Alcoholism harms many systems in the human body. According to the National Institute on Alcohol Abuse and Alcoholism (NIH), nearly 88,000 people die annually from alcohol-related causes in the US. Overconsumption of alcohol can cause immediate issues, such as slurred speech, poor balance, stomach pain, vomiting, loss of consciousness, and redness in the face. Over time, the physical symptoms of alcoholism can lead to a multitude of issues in the body.
Many people struggling with alcoholism are unaware of the damage done to the liver until the illness is irreversible. The effects of alcohol can mask telltale symptoms of a larger problem. In 2013, 46.4 percent of liver disease and 72.7 percent of cirrhosis deaths were alcohol-related. Identifying the symptoms of liver disease is important for early prevention:
- Yellowing of the eyes and skin (jaundice)
- Abdominal swelling and pain
- Dark urine
- Pale or bloody stool
- Lethargy, nausea, and vomiting
Alcoholism is linked to 1 in 3 liver transplants in the US. Alcohol consumption can increase the risk of cancers of the mouth, esophagus, pharynx, larynx, liver, and breast. The liver serves as a processor for metabolic functions, can be seriously damaged, leading to trouble in other functions of the body.
Central Nervous System
Nervous system damage can often be initially identified by a sudden headache that won’t go away. This may be the most difficult to identify with alcoholism, as headaches, confusion, short-term memory loss, and blurred vision are common side effects of alcohol consumption. In addition to the initial symptoms of central nervous system damage, sufferers may experience:
- Loss of feeling, weakness, or tingling in extremities
- Sight loss, double vision, and memory loss
- Trouble with coordination
Alcoholic neuropathy (nerve damage due to alcohol consumption) is a common problem with alcoholism. This condition impacts the body’s ability to carry out certain voluntary and involuntary functions, and is responsible for the symptomatic trembling often characterized by alcoholism. Damage to the central nervous system also lowers defenses in the heart and can lead to life-threatening disease.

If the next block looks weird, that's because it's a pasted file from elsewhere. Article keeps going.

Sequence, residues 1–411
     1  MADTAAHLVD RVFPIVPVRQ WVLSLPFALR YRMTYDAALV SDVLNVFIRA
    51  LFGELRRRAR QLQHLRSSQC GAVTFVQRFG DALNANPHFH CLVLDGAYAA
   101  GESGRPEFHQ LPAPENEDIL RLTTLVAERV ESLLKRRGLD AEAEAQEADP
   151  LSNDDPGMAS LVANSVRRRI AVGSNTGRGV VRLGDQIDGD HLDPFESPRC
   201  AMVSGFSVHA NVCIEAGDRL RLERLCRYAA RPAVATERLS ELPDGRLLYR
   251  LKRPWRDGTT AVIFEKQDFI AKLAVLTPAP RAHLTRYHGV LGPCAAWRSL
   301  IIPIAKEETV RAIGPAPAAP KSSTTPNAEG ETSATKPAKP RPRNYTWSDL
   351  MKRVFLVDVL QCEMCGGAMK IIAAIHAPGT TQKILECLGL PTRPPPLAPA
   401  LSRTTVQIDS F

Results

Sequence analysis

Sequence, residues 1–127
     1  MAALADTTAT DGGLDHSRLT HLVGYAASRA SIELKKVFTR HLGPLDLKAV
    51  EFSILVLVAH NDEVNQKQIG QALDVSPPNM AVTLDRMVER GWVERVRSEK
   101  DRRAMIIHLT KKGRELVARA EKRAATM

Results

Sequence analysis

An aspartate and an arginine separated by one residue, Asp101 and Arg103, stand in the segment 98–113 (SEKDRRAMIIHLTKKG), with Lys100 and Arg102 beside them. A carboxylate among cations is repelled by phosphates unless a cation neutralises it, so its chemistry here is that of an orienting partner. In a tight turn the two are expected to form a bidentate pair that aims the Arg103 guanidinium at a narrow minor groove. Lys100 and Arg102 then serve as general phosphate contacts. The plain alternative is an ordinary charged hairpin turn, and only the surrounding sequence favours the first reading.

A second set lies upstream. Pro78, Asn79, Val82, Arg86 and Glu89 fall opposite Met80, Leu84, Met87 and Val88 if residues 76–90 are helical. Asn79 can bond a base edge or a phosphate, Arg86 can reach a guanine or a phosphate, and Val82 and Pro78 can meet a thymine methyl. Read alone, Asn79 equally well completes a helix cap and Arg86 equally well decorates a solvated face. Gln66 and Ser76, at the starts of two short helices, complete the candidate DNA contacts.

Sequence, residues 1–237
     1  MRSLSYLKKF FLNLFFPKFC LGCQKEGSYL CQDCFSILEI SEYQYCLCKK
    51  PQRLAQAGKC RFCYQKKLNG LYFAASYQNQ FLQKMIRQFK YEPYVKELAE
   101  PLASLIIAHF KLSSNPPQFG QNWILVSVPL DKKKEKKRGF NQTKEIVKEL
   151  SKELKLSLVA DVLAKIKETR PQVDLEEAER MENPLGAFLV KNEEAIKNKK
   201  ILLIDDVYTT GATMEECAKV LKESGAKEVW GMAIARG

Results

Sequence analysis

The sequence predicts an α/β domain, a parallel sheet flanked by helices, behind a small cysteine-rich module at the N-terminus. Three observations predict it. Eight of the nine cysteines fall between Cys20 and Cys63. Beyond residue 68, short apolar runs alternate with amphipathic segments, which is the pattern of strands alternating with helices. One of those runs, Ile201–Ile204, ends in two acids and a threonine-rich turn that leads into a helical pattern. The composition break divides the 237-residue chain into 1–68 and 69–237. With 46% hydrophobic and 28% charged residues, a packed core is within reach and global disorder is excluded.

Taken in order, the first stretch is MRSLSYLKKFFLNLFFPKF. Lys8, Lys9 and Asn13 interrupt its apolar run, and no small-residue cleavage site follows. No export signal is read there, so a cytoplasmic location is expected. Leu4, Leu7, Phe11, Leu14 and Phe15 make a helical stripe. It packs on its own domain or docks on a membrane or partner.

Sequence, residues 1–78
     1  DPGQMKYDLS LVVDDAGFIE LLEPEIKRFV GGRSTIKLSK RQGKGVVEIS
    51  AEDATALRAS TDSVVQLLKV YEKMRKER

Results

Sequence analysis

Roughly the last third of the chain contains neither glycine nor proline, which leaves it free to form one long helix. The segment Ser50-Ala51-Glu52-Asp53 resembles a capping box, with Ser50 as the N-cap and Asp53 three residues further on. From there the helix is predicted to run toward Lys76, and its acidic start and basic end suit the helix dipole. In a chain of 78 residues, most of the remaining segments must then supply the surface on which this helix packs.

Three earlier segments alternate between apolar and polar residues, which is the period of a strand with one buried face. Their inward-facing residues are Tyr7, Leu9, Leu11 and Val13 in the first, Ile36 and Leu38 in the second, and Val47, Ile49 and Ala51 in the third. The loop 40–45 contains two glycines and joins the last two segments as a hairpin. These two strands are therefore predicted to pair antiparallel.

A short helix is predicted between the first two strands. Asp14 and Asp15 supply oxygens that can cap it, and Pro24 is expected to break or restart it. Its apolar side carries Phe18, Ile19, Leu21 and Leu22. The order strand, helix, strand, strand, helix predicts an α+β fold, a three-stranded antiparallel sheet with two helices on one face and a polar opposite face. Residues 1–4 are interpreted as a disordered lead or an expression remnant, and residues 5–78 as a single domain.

Extended use of alcohol can cause a condition known as cardiomyopathy, or weakening of heart muscle. This condition leads to high blood pressure, stroke, and cardiac arrest. Some of the signs of heart trouble include:
- Pain, pressure, and heaviness in the chest and arms
- Radiating discomfort or cramping in the jaw, throat, or arms
- Sweating, dizziness, nausea, and vomiting
- High blood pressure
Alcoholism takes a great toll on functions in the heart. Increased caloric intake and triglycerides in the blood leads to significant weight gain, and increases the likelihood of heart disease. Obesity is the number one cause of heart disease, claiming 39 percent of 600,000 annual deaths on average.
Alcoholism affects nearly 17 million Americans each day in the United States. Each person in this census is likely to face some form of health problem if alcoholism continues. Identifying the aspects of alcoholism can aid in finding help before further illness occurs. Some of the physical symptoms of alcoholism include:
- Increasingly severe hangovers and recovery time
- Increased tolerance
- Inability to stop or reduce consumption
- Withdrawal symptoms when unable to consume
Physical characteristics of alcoholism may vary from person to person. Understanding the impact on vital organs can help identify trouble as a result of alcohol consumption. Unfortunately, the physical characteristics of alcoholism are signs that the body is in trouble. The most prominent indicator of alcoholism is the body’s reaction to lack of alcohol.
Withdrawal from alcoholism is similar to that of any addictive substance. Alcohol withdrawal can occur in any individual suffering from alcoholism, and can vary in severity based on regular consumption, and length of use. Some symptoms of alcohol withdrawal include:
- Tremors, convulsions, and uncontrolled shaking
- Profuse sweating, seizures, and dehydration
- Agitation and/or anxiety
- Nausea or vomiting
Withdrawal symptoms affect each person differently. In rehab, many people turn to medication-aided withdrawals, easing the transition into sobriety. Medications such as Diazepam and Librium act as sedatives to lessen the discomfort while experiencing withdrawals.
Time To Quit
The physical implications of alcoholism affect many people every day. The damage done to the liver, heart, and central nervous system can become greater over time and significantly impact the quality of life in those struggling with alcoholism. Many people require medical intervention to find sobriety. Getting help now can greatly impact your overall health and prevent further damage from alcoholism.
We Can Help
If you’re experiencing some or all of the physical symptoms of alcoholism, you’re not alone. There are options to lead a healthier, more comfortable life. If you are worried about the implications of alcoholism, AlcoholTreatment.net is here to help. We are here to answer any questions you have regarding addiction and can help find resources for treatment. Contact us today.